Astronomers Solve the 1936 Mystery of FU Orionis’ Dramatic Outburst

FU Orionis Large Scale View

Artist’s impression of the large-scale view of FU~Ori. The image shows the outflows produced by the interaction between strong stellar winds powered by the outburst and the remnant envelope from which the star formed. The stellar wind drives a strong shock into the envelope, and the CO gas swept up by the shock is what the new ALMA revealed. Credit: NSF/NRAO/S. Dagnello

ALMA observations of FU Orionis reveal how gravitational accretion from a past gas stream causes sudden brightness in young stars, shedding light on star and planet formation processes.

An unusual group of stars in the Orion constellation have revealed their secrets. FU Orionis, a double star system, first caught astronomers’ attention in 1936 when the central star suddenly became 1,000 times brighter than usual. This behavior, expected from dying stars, had never been seen in a young star like FU Orionis.

The strange phenomenon inspired a new classification of stars sharing the same name (FUor stars). FUor stars flare suddenly, erupting in brightness, before dimming again many years later.

It is now understood that this brightening is due to the stars taking in energy from their surroundings via gravitational accretion, the main force that shapes stars and planets. However, how and why this happens remained a mystery—until now, thanks to astronomers using the Atacama Large Millimeter/submillimeter Array (ALMA).

Breakthrough Observations With ALMA

“FU Ori has been devouring material for almost 100 years to keep its eruption going. We have finally found an answer to how these young outbursting stars replenish their mass,” explains Antonio Hales, deputy manager of the North American ALMA Regional Center, scientist with the National Radio Astronomy Observatory, and lead author of this research, published on April 29 in the Astrophysical Journal. “For the first time, we have direct observational evidence of the material fueling the eruptions.”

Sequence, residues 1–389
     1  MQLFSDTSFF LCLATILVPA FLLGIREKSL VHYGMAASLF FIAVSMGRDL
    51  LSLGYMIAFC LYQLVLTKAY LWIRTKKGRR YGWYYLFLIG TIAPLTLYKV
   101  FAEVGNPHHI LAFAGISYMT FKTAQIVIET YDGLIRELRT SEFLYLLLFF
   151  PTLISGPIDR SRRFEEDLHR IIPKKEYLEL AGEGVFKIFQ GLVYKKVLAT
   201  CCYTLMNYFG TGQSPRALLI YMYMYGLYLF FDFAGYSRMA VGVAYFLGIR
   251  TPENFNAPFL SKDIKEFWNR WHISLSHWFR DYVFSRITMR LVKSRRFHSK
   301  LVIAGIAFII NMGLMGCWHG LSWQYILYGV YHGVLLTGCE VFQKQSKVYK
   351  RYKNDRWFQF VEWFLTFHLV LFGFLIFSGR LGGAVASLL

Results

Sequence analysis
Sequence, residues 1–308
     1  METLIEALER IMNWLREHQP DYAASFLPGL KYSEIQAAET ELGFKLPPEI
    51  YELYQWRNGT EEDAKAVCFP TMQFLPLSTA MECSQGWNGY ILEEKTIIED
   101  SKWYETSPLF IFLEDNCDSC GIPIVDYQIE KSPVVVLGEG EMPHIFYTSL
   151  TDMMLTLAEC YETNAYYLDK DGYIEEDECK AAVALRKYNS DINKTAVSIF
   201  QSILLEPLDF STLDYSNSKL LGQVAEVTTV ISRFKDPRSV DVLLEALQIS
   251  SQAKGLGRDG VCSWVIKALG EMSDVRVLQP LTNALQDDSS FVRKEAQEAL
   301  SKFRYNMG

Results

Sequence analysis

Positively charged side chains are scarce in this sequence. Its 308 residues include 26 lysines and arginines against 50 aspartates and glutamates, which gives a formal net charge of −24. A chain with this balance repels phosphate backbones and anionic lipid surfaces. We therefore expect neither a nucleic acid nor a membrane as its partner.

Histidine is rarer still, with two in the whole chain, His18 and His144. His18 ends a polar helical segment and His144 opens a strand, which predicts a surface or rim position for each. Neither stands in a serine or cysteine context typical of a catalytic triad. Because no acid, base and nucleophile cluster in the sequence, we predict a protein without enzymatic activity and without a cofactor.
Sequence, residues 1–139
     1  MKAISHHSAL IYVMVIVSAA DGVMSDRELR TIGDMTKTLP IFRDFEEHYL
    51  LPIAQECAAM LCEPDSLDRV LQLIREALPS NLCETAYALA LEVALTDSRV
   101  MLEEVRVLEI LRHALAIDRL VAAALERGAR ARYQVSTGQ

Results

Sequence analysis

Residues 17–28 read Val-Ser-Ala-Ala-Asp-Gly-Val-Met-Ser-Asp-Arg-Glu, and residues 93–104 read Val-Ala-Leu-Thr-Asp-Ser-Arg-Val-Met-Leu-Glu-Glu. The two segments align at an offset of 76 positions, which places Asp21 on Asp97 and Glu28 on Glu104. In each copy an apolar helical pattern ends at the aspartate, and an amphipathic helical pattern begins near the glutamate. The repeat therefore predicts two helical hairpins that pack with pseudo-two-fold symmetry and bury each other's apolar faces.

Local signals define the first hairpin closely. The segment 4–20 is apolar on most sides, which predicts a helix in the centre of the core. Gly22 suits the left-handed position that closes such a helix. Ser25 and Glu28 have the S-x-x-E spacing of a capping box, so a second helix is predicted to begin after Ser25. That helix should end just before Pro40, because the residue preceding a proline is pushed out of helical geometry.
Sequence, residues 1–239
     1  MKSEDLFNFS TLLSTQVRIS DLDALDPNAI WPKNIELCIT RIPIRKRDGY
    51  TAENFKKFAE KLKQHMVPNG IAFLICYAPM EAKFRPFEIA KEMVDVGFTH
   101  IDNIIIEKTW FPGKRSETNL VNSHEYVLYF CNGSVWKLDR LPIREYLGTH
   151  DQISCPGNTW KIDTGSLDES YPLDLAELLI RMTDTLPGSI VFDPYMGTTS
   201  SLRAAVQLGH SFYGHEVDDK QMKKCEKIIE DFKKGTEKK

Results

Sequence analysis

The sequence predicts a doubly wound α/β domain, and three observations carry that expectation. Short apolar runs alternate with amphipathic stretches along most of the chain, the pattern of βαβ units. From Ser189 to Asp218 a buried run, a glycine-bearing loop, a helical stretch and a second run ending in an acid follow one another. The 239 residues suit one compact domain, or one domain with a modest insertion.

Zoom into the FU Ori binary system and the newly discovered accretion streamer. This artist’s impression shows the newly discovered streamer constantly feeding mass from the envelope into the binary system. Credit: NSF/NRAO/S. Dagnello

ALMA observations revealed a long, thin stream of carbon monoxide falling onto FU Orionis. This gas didn’t appear to have enough fuel to sustain the current outburst. Instead, this accretion streamer is believed to be a leftover from a previous, much larger feature that fell into this young stellar system.

“It is possible that the interaction with a bigger stream of gas in the past caused the system to become unstable and trigger the brightness increase,” explains Hales.

Advances in Stellar Formation Understanding

Astronomers used several configurations of ALMA antennas to capture the different types of emission coming from FU Orionis, and detect the flow of mass into the star system. They also combined novel numerical methods to model the mass flow as an accretion streamer and estimate its properties.

“We compared the shape and speed of the observed structure to that expected from a trail of infalling gas, and the numbers made sense,” says Aashish Gupta, a Ph.D. candidate at European Southern Observatory (ESO), and a co-author of this work, who developed the methods used to model the accretion streamer.

FU Ori Binary System Accretion Streamer

Zoom into the FU Ori binary system and the newly discovered accretion streamer. This artist’s impression shows the newly discovered streamer constantly feeding mass from the envelope into the binary system. Credit: NSF/NRAO/S. Dagnello

“The range of angular scales we are able to explore with a single instrument is truly remarkable. ALMA gives us a comprehensive view of the dynamics of star and planet formation, spanning from large molecular clouds in which hundreds of stars are born, down to the more familiar scales of solar systems,” adds Sebastián Pérez of Universidad de Santiago de Chile (USACH), director of the Millennium Nucleus on Young Exoplanets and their Moons (YEMS) in Chile, and co-author of this research.

These observations also revealed an outflow of slow-moving carbon monoxide from FU Orionis. This gas is not associated with the most recent outburst. Instead, it is similar to outflows observed around other protostellar objects.

Adds Hales, “By understanding how these peculiar FUor stars are made, we’re confirming what we know about how different stars and planets form. We believe that all stars undergo outburst events. These outbursts are important because they affect the chemical composition of the accretion discs around nascent stars and the planets they eventually form.”

“We have been studying FU Orionis since ALMA’s first observations in 2012,” adds Hales. It’s fascinating to finally have answers.”

Reference: “Discovery of an Accretion Streamer and a Slow Wide-angle Outflow around FU Orionis” by A. S. Hales, A. Gupta, D. Ruíz-Rodríguez, J. P. Williams, S. Pérez, L. Cieza, C. González-Ruilova, J. E. Pineda, A. Santamaría-Miranda, J. Tobin, P. Weber, Z. Zhu and A. Zurlo, 29 April 2024, The Astrophysical Journal.
DOI: 10.3847/1538-4357/ad31a1

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